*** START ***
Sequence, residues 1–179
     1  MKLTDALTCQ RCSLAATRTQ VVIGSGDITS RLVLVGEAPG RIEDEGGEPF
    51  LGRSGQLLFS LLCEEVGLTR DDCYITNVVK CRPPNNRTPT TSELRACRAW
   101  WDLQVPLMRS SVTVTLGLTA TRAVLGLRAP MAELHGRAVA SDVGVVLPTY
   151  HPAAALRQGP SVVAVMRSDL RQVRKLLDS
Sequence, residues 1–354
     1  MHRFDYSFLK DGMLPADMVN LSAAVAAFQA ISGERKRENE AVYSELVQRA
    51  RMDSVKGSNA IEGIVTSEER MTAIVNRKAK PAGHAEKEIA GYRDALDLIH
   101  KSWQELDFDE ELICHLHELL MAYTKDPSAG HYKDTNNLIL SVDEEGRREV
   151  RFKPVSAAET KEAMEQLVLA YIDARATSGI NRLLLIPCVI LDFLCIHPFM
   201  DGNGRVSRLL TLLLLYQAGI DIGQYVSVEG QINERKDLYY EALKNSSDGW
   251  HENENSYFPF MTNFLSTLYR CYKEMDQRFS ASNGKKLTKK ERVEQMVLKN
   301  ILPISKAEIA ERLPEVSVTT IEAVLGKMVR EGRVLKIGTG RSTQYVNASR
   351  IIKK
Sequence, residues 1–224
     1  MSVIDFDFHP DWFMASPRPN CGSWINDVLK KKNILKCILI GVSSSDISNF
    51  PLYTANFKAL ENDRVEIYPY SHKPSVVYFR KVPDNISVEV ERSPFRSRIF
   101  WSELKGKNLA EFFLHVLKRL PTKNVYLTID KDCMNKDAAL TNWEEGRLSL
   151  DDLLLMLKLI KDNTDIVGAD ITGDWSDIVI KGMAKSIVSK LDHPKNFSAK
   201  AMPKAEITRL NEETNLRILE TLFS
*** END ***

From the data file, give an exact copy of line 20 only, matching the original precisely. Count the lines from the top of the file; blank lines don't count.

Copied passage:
   201  AMPKAEITRL NEETNLRILE TLFS